It is however the technical problem that has carried the most weight in convincing people that there must be physics beyond the Standard Model. It is the story we tell our children — quantum mechanics makes the Standard Model unstable. Quantum mechanics teaches us that, as a particle such as a Higgs boson travels along, it can emit and reabsorb another particle. This process represents a “loop contribution” to the mass of the Higgs boson, so-called because a pictorial representation of the process – Feynman diagrams – depicts these processes as loops attached to the traveling Higgs boson.
Unfortunately, when you add up the loop contributions to the mass of the Higgs boson from all possible particles with all possible energies and momenta, they appear to be infinite or at least proportional to the maximum possible momentum that can be carried. For technical reasons these are called quadratic divergences and are widely derided. For the actual Higgs boson mass to be finite, there must apparently be subtle and precise cancellation of the loop contributions against the underlying “tree” (loop-free) mass. This Higgs Fine-Tuning Problem, so the lore tells us, must be remedied.
BSM physics is the proposed remedy. Supersymmetry cancels the loop of every known particle against the loop of an as-yet-to-be-discovered partner particle. Technicolor eliminates the Higgs boson – replacing it by a composite of new particles called techni-quarks. If there are large extra dimensions then the largest momentum that can circulate in a loop is actually only a little larger than the weak scale. Clearly BSM physics is not just desirable but essential.
Recently, however, my colleague Bryan Lynn suggested, and together with Katie Freese and Dmitry Podolsky, he and I explained, how the Standard Model actually comes up with a remedy all on its own.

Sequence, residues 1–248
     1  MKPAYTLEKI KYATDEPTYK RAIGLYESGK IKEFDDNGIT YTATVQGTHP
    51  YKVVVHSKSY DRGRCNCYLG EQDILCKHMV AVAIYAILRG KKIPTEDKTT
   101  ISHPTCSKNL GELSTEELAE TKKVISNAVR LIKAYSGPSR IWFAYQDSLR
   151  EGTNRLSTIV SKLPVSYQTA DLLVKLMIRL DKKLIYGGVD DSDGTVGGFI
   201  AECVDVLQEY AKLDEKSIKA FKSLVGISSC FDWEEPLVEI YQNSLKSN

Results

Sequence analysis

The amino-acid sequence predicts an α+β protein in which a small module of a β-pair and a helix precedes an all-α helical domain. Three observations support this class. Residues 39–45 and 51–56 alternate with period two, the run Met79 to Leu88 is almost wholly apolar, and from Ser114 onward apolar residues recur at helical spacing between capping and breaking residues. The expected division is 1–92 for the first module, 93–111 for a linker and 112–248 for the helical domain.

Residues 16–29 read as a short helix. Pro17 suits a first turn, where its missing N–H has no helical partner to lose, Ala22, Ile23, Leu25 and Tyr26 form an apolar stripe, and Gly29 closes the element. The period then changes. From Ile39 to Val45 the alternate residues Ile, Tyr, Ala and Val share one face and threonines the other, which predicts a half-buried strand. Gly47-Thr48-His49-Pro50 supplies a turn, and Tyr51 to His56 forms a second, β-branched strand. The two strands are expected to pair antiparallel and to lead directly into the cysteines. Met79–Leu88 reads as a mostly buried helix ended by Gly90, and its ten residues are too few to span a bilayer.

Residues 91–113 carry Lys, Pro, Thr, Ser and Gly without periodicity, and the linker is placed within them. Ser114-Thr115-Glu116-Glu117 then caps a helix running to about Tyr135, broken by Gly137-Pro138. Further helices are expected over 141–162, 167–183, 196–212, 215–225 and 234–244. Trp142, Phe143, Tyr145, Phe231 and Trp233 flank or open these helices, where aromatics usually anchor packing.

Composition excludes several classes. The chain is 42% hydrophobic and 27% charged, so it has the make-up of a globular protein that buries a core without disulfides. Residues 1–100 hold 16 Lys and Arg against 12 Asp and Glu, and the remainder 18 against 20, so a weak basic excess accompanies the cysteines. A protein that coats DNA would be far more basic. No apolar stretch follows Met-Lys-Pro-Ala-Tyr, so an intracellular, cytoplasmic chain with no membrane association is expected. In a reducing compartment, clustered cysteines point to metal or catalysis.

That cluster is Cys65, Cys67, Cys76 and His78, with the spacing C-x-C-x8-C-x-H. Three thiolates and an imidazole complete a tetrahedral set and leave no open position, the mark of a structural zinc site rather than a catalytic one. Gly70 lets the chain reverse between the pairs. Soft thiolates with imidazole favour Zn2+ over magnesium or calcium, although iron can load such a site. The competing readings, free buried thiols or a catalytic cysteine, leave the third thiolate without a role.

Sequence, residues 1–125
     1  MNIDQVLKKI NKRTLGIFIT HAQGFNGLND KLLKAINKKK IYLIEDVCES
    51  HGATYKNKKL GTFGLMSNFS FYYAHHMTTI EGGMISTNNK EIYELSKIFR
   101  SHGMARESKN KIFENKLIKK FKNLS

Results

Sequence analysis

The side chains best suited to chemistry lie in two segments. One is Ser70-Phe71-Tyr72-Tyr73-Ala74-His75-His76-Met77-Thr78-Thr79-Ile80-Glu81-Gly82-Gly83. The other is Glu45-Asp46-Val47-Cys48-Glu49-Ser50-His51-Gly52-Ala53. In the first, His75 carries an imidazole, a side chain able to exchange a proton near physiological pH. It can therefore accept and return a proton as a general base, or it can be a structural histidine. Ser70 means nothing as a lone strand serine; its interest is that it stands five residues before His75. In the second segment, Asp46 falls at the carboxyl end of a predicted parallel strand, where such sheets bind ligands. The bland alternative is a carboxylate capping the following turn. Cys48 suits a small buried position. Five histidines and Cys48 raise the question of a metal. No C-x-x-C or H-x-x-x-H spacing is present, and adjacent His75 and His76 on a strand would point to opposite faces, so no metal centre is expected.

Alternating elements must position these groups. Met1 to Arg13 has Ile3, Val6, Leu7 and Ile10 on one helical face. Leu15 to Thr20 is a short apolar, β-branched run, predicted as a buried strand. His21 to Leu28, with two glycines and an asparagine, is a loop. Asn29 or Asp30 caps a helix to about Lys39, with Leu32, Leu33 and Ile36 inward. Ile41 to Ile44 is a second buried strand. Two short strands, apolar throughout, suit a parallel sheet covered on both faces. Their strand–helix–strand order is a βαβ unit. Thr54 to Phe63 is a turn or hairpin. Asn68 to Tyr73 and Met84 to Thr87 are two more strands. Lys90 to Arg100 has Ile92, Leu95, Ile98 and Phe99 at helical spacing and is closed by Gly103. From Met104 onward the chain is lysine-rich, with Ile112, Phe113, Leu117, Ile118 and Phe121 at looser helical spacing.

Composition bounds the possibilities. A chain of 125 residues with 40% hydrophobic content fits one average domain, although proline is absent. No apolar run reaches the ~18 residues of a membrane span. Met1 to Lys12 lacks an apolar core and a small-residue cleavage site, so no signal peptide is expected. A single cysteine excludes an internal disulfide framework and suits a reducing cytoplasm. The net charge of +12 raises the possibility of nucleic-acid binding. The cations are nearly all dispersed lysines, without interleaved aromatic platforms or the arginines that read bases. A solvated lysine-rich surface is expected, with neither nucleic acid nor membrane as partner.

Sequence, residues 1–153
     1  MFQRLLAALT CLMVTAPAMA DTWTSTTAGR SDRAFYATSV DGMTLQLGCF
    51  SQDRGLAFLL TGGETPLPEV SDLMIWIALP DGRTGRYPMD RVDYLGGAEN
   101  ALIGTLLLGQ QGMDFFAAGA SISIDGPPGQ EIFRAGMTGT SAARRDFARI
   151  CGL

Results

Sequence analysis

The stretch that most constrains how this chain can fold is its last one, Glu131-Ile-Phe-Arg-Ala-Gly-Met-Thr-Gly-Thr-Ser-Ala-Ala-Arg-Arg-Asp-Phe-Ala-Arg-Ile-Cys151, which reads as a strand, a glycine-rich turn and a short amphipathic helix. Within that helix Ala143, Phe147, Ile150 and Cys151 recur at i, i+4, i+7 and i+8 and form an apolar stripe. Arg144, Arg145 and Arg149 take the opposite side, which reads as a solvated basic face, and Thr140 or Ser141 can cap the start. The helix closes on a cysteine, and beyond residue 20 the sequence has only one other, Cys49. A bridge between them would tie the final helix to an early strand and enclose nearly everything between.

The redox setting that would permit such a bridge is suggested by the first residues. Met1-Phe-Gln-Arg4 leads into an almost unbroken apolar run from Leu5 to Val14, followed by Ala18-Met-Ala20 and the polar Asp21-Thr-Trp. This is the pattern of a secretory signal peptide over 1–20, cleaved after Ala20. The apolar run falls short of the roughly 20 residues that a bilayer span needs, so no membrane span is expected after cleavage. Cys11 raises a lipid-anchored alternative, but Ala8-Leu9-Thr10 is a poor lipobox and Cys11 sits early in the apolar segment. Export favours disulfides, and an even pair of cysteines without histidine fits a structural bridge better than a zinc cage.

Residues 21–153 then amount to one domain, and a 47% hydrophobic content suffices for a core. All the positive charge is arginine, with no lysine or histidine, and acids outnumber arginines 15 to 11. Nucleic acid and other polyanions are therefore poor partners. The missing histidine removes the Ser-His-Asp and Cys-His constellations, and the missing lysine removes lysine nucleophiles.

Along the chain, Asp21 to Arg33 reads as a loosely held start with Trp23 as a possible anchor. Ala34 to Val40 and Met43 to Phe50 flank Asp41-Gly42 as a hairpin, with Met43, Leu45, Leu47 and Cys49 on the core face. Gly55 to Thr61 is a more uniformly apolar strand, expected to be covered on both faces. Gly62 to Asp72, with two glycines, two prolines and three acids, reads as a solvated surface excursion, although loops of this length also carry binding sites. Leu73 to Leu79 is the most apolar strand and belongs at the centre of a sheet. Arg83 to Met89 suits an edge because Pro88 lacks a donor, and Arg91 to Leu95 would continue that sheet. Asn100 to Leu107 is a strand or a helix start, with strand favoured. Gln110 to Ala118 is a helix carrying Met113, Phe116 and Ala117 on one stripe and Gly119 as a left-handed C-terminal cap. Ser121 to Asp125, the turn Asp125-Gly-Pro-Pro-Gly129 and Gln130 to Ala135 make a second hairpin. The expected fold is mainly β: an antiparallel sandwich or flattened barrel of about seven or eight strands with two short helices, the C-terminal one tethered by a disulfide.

The Higgs boson is one member of a set of quadruplets in the Standard Model. At energies below the weak scale, its three siblings get eaten – they get incorporated into the W and Z bosons. According to a famous theorem due to MIT’s Jeffrey Goldstone (hence “Goldstone’s Theorem”), the masses of the three siblings must be exactly zero. In particular, the quadratically divergent contribution to their masses are zero.
Although this doesn’t force the mass of the Higgs boson to be zero (a good thing, since it seems likely to be about 125 GeV/c2), it does mean that the quadratic divergences in the Higgs mass that have worried us for decades are not a problem of the Standard Model after all.
Now, not everybody buys our argument. Some of them prefer to focus on the aesthetic challenge of the Weak Hierarchy Problem, while others argue that we have no choice but to add quantum gravity to the Standard Model, inevitably resurrecting the Higgs Fine Tuning Problem.
We would counter that the absence of a Higgs Fine Tuning Problem in the Standard Model is such a virtue that, absent any hard evidence for BSM physics, preserving the Standard Model’s Goldstone miracle should be taken as a requirement of any proposed BSM theories.
The implication is clear. If there is no problem, there may be no need for a solution. Beyond the Standard Model Physics isn’t ruled out by the absence of a Higgs Fine Tuning Problem in the Standard Model, but it does mean that the Standard Model may well be the whole story, or at least the whole story at the energies that the LHC can command. In short, don’t be surprised if the Higgs is the last new particle discovered by the LHC. Theorists may hunger for physics beyond the Standard Model, but nature may be quite content without it, thank you very much.
About the Author: Glenn Starkman grew up and got his Bachelor's degree in Toronto, where he returned after a PhD at Stanford and a postdoc at the Institute for Advanced Study, Princeton. He lives with his wife and two children in Cleveland, where he is Professor of Physics and Director of the Institute for the Science of Origins at Case Western Reserve University. He has written several of Scientific American's most popular articles ever: on whether the universe is finite in size, on anomalies in the cosmic microwave background radiation, on whether cosmology isultimately doomed as a science, and on the far future of life in the universe.